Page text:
Everybody has them. Those little moments throughout the day when we hold our breath or forget to breathe. Maybe it’s only for a second or two and is so subtle we don’t even notice.
It usually happens when we’re focused on doing something important, like changing lanes on the freeway, remembering a critical detail, lifting a heavy weight, and that kind of thing.
At other times our breath quickens and shortens, like when we’re exercising, running up the stairs, raking the leaves, or running after a little one who is fast on his feet. That’s fairly normal. However, it’s at the times when we’re not pushing ourselves and our breath shortens that we need to pay attention to it—it’s usually when we’re stressed.
When we’re worried, confused, scared, in pain, hear bad news, or feel overwhelmed, we may gasp, inhale, and briefly hold our breath.
Stress, in general, disrupts our breathing. A tense body and mind discourage the smooth, long, and easy breaths we need in order to feel relaxed. A tense body and mind encourage shallow, uneven, and even painful breathing at times, all of which add to and intensify stress.
How Can I Break the Cycle?
Since ancient times, yogis have practiced the art of pranayama, or yoga breathing, as a way to regulate and control their breath, to bring health and balance to body and mind.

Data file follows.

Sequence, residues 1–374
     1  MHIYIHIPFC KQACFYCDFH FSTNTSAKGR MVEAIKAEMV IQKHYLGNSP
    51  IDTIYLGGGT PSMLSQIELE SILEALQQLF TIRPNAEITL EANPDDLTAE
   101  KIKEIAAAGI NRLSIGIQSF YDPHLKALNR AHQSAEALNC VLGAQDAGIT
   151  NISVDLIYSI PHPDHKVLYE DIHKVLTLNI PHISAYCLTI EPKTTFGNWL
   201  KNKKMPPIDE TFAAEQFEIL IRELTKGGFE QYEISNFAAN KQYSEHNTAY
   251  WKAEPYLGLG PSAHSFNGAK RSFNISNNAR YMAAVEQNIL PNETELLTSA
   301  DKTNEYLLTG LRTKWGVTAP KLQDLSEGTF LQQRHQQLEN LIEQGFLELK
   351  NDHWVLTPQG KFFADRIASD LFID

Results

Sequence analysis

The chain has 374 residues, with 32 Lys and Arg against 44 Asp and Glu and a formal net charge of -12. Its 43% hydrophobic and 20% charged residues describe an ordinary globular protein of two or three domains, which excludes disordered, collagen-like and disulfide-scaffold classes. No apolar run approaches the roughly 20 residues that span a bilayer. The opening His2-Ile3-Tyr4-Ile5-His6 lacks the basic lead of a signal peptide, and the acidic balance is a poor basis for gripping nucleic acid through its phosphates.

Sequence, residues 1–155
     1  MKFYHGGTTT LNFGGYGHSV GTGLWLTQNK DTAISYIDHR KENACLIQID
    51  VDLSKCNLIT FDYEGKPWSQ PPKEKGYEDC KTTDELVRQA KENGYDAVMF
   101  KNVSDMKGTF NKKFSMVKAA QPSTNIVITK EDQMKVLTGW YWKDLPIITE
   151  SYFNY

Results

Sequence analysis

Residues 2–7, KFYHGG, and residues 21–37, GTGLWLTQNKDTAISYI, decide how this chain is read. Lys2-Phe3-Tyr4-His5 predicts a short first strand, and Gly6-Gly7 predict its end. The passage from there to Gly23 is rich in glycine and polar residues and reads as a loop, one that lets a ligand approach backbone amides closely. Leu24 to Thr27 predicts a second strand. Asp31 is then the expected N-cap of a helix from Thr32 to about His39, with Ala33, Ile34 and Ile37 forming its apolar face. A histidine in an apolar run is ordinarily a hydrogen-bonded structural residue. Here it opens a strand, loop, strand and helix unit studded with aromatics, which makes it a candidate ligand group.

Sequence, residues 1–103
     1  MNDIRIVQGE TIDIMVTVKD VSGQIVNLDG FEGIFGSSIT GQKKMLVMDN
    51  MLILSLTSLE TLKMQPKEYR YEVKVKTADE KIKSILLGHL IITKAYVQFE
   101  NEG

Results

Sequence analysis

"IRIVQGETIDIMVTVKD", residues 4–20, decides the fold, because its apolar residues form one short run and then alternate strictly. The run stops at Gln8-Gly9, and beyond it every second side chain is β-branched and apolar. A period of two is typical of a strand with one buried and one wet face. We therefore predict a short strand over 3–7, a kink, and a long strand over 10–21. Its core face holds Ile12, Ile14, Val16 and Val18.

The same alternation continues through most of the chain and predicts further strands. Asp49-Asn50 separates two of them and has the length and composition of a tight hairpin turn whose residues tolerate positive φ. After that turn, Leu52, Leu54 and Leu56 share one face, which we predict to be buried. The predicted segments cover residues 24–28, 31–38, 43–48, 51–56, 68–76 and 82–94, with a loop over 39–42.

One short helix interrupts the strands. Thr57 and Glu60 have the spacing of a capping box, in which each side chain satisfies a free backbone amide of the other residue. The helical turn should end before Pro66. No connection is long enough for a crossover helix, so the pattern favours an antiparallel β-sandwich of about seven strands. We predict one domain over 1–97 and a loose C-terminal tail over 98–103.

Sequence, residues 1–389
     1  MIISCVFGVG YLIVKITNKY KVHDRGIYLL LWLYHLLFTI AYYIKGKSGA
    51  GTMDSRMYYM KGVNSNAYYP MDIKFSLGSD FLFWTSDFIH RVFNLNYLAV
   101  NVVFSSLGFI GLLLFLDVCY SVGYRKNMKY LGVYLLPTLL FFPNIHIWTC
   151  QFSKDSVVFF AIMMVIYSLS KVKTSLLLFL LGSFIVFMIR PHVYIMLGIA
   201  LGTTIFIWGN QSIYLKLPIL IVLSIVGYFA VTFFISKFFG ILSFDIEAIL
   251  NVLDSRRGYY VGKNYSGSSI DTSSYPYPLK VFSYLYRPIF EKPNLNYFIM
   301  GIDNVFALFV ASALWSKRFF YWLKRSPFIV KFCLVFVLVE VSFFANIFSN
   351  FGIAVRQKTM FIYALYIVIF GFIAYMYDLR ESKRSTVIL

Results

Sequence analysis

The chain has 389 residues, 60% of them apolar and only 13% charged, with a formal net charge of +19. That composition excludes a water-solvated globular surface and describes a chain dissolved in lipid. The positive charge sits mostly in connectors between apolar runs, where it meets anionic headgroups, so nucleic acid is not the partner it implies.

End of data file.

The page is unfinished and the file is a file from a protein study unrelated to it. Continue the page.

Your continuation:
In this fast paced and often chaotic world we live in, it’s never been more important to find ways to slow down and find balance. Pranayama exercises help us do that. They help support the nervous system and activate the “relaxation response”, reducing stress and its effects on us. With regular and consistent practice, the mind and body naturally begin to feel more calm and focused.
To begin with, it’s helpful to become familiar and aware of our breath. This helps us to slow the breath down. You can do this anytime you like. Simply breath in and out through your nose, noticing how you inhale and exhale, and noticing when it speeds up and when it slows down. Try this regularly several times throughout the day. This type of “checking in” awareness is also beneficial to our other yoga and meditation practices.
Here are two pranayama exercises you can try yourself at home: